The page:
Betz states in the Encyclopedia of Religion that “magic was an essential part of Greco-Roman culture and religion.” [21] In classical Greece, Egypt and Thessaly were considered prime sources of magical knowledge, but by 323 BC magical material in Greece had increased considerably. Betz further states that it was “Hellenistic syncretism that produced the abundance of material available today.” [22] Greek magical practitioners distinguished different types of magic; goeteia - lower magic, mageia - general magic and theourgia - higher magic. Theourgia, appears to be the most likely place to find self-identification with deity and the use of voces magicae Self-identification with deity in magical acts as part of ancient Greek magical practice prior to the PGM is not evident. The Greeks speculated that humans and gods “had the same mother”, but a huge gap existed between them. From ancient times to the latest date of the PGM, Greek notions about the relationship between human existence and divine existence took a variety of forms [23,] but never followed the Egyptian pattern of the possibility of declarative divine identity. The ancient Greeks believed that communion with the gods was possible as in the Eleusian and Dionysian mysteries [24] and Empedocles declared he had the knowledge to make himself immortal. [25] But, the Greek idea of a divine spark within the human soul which can be activated, contemplated and re-united with the gods still assumes an other-ness of deity and validates the fundamental separateness of human existence from the divine.  For the Egyptians, the divine appears to be immanent in the world. The world of humans and gods were not seen as being decidedly different. Human activity continued after death and Gods, embodied as the Pharoah, lived in human society. Magical practice was merely clarifying what already exists. For the Greeks, magic was a conduit for communication and communion with deity or a process whereby the soul could be purified through direct contact with the Divine. Egyptians had only to affirm a state of being through speech to create the sought reality. “Repeated commands or assertions that a desired state of affairs was already in being, are a common feature of Egyptian spells.” [26]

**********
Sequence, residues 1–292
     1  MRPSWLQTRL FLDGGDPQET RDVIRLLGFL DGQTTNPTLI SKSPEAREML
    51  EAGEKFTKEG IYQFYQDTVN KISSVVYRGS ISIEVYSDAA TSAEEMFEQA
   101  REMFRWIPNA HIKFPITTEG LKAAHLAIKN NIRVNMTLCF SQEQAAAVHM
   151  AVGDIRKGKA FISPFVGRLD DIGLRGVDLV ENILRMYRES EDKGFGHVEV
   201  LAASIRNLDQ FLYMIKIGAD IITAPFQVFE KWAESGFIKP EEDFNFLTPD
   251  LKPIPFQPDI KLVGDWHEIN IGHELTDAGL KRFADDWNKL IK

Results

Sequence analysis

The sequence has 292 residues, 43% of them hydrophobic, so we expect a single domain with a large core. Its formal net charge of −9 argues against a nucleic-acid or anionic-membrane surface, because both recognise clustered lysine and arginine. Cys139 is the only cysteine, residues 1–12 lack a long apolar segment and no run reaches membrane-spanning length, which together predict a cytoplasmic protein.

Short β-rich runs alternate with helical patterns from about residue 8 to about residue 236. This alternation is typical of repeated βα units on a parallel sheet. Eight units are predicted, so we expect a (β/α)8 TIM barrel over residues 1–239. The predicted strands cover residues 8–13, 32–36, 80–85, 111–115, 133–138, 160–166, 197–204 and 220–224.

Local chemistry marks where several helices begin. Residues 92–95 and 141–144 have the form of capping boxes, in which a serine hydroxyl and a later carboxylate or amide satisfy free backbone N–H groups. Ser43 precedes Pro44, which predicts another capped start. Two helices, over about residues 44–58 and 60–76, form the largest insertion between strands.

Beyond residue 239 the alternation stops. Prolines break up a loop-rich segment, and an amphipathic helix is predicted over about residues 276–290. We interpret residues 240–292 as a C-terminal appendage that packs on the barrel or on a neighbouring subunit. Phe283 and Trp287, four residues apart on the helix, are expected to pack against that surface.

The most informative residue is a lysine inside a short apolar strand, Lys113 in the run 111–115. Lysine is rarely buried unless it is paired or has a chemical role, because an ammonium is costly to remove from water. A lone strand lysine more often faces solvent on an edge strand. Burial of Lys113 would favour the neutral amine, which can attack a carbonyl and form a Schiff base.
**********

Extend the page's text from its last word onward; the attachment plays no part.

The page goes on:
However, there are references to the voces magicae in ancient Greek material aside from the PGM. Early, are the Ephesia grammata, ( ASKION, KATASKION, LIX, TETRAX, DAMNAMENEUS, AISIA ) mystic letters that were supposedly inscribed on the statue of Artemis at Ephesus used verbally and written to avert evil. A lead tablet inscribed with the Ephesia grammata dates to the 4th c BC and they were said to be used spoken as an apotropiac charm while walking in a circle around newlyweds.  [27 ]